Predicting the future of health care is a tricky business. At any point, there could be a big breakthrough in, say, cancer research, throwing the whole thing off. Or a new technology could come along in another sector, disrupting health care just as a side effect (much like the smartphone has already done).
FutureMed, a weeklong program from Singularity University for doctors and others in the health care industry, looks at the ways that technology could change health care in the coming years. I spent a day at Singularity’s classroom (located at the NASA Research Park in Silicon Valley) to soak up some of the predictions. Here are some of the biggest takeaways.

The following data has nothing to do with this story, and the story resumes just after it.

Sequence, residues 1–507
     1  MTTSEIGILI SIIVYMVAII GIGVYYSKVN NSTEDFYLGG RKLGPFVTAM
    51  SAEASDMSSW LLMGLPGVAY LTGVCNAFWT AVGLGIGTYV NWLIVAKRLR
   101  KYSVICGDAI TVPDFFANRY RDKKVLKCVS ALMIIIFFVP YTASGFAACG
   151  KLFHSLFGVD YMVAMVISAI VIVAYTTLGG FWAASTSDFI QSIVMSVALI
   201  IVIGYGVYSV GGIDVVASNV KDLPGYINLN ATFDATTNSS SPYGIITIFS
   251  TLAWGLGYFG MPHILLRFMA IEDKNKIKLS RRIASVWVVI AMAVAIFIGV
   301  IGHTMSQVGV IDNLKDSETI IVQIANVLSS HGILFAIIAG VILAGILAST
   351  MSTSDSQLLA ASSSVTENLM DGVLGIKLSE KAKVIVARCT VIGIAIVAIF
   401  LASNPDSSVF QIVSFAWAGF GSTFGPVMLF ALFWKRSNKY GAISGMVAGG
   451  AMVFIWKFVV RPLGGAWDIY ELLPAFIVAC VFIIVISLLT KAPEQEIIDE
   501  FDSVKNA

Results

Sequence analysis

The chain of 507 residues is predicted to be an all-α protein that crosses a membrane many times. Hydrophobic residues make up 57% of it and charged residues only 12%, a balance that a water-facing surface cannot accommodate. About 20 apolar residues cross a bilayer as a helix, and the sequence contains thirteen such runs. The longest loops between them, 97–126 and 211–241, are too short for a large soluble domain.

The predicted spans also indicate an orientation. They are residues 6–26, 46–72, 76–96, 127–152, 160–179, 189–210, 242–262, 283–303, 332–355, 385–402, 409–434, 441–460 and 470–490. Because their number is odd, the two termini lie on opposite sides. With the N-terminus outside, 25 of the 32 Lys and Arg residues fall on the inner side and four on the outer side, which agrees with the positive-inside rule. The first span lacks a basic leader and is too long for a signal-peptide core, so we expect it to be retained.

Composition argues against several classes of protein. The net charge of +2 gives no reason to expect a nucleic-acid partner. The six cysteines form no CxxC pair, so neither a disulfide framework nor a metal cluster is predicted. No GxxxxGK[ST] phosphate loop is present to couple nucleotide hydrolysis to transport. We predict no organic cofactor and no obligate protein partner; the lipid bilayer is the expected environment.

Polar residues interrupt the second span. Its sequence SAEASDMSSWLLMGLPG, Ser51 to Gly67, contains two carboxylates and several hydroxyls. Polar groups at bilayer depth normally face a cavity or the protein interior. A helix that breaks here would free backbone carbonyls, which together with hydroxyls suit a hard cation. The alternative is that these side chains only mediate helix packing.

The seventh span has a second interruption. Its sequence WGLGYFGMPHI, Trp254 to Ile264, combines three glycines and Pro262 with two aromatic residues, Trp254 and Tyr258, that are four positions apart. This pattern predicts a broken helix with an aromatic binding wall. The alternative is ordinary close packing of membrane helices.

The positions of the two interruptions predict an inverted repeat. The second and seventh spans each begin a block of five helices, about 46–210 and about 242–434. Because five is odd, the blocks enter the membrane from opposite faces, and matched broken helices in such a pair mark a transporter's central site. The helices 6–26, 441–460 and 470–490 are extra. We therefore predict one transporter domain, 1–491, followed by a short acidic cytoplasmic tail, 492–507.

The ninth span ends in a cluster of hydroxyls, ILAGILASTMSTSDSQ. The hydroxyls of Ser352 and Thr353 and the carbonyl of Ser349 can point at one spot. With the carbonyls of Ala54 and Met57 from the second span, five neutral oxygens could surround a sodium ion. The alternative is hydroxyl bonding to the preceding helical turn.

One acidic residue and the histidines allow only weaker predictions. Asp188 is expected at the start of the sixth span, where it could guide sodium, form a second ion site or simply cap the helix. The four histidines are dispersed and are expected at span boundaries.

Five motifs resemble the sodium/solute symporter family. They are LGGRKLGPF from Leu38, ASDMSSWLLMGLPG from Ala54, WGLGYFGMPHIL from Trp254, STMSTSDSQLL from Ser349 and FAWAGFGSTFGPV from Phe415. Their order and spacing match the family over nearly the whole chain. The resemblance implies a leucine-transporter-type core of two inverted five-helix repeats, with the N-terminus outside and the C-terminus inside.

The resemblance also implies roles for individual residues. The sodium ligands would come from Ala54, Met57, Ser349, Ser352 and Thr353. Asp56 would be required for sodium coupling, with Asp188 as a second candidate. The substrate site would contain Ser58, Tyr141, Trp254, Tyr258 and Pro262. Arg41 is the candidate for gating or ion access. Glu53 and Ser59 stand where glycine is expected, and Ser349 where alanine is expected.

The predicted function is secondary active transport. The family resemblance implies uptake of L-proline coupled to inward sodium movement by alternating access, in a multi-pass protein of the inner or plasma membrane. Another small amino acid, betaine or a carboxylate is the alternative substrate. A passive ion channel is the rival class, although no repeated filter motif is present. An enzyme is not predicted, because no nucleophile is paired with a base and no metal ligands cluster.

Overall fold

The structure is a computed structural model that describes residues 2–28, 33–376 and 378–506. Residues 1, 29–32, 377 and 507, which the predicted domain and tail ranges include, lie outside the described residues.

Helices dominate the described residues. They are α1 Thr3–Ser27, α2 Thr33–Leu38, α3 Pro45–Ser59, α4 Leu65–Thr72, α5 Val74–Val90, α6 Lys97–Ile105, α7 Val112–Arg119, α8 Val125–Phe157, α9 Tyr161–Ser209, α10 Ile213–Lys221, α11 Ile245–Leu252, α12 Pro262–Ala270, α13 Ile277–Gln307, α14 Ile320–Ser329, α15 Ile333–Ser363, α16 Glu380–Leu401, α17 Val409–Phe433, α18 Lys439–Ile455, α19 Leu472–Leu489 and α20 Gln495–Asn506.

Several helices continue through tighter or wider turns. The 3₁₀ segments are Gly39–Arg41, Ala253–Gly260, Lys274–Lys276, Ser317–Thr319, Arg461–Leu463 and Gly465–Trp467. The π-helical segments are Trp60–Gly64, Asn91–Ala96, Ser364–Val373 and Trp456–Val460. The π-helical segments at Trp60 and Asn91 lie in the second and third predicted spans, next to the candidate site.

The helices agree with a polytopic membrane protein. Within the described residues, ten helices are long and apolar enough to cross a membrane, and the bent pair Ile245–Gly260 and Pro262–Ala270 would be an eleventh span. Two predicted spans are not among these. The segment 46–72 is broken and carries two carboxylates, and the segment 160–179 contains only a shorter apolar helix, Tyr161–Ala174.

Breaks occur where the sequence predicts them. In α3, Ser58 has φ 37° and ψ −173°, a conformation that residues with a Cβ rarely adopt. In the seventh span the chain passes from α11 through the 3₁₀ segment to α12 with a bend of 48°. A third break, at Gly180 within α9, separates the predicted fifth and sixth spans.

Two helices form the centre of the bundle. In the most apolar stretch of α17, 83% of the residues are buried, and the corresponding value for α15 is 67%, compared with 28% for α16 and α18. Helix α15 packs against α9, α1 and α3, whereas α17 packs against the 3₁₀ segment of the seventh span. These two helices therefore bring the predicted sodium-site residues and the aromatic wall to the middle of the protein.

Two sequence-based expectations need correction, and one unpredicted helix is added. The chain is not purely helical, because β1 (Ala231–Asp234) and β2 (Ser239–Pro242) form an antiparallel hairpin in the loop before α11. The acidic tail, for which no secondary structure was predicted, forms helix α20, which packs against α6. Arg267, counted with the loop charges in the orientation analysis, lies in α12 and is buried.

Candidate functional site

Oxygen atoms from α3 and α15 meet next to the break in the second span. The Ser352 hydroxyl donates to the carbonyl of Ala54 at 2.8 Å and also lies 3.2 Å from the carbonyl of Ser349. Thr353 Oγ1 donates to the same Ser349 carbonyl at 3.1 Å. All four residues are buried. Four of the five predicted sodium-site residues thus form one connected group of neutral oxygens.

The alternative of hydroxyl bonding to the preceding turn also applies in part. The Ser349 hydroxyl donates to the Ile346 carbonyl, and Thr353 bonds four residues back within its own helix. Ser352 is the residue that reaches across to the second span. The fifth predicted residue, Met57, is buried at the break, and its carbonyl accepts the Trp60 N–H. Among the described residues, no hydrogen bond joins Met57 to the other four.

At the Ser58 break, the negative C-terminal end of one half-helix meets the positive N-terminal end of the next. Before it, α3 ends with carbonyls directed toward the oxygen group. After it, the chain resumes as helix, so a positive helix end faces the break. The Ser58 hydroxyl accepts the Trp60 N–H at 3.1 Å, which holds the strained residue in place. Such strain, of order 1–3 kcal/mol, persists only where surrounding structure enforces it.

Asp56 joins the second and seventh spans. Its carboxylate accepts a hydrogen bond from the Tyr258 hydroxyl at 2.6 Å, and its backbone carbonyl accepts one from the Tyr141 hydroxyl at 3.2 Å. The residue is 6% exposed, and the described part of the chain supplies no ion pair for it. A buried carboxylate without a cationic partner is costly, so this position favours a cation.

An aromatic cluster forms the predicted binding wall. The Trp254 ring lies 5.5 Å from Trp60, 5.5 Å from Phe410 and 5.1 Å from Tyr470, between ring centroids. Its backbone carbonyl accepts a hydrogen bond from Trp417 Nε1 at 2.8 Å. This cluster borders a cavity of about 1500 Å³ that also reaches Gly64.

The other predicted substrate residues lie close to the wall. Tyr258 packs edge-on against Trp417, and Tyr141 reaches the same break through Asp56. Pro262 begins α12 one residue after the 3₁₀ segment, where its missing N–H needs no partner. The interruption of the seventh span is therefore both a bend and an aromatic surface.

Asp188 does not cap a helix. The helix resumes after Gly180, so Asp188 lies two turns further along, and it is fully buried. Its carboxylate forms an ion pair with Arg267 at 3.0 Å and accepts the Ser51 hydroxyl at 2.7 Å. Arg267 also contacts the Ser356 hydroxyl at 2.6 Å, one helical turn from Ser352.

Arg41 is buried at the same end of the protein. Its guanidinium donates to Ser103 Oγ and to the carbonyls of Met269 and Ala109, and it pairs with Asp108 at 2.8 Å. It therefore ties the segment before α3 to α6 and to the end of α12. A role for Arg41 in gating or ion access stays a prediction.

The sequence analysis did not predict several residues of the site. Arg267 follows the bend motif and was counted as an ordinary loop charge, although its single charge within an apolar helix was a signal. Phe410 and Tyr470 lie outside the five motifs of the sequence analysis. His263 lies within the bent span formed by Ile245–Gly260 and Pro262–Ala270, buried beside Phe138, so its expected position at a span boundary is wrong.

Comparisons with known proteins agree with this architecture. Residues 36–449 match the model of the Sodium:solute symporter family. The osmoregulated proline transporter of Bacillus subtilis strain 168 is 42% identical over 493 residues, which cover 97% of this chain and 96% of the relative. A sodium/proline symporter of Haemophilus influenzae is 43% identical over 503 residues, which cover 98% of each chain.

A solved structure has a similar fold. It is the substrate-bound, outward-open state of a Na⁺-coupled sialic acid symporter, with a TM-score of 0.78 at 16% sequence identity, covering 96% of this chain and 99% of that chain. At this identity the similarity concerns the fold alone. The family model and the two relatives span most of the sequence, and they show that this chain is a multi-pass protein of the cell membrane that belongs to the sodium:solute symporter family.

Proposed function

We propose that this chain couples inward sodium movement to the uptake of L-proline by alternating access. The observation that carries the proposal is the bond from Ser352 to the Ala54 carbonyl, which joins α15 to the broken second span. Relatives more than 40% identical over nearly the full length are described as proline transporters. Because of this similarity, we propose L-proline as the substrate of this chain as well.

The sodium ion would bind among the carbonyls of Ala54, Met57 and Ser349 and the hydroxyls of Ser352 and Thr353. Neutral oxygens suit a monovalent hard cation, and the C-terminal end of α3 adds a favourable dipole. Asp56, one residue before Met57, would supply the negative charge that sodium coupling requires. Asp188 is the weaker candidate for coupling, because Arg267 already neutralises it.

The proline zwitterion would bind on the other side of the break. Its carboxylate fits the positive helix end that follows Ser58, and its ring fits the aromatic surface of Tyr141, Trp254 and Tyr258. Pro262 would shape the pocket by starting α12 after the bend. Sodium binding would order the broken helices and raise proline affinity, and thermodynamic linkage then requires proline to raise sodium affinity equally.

By 2050, the World Health Organization believes there will be 115.4 million cases of dementia around the world thanks to aging populations. Right now we don’t have an effective treatment for a single neurodegenerative disease, but Ajay Varma, the Vice President for Global Early Stage Neurology & Experimental Medicine at Biogen Idec, believes that will soon change. And once we have a treatment for one, it will become easier to develop treatments for other diseases with overlapping features. As Varma points out, there are already treatments in the drug pipeline.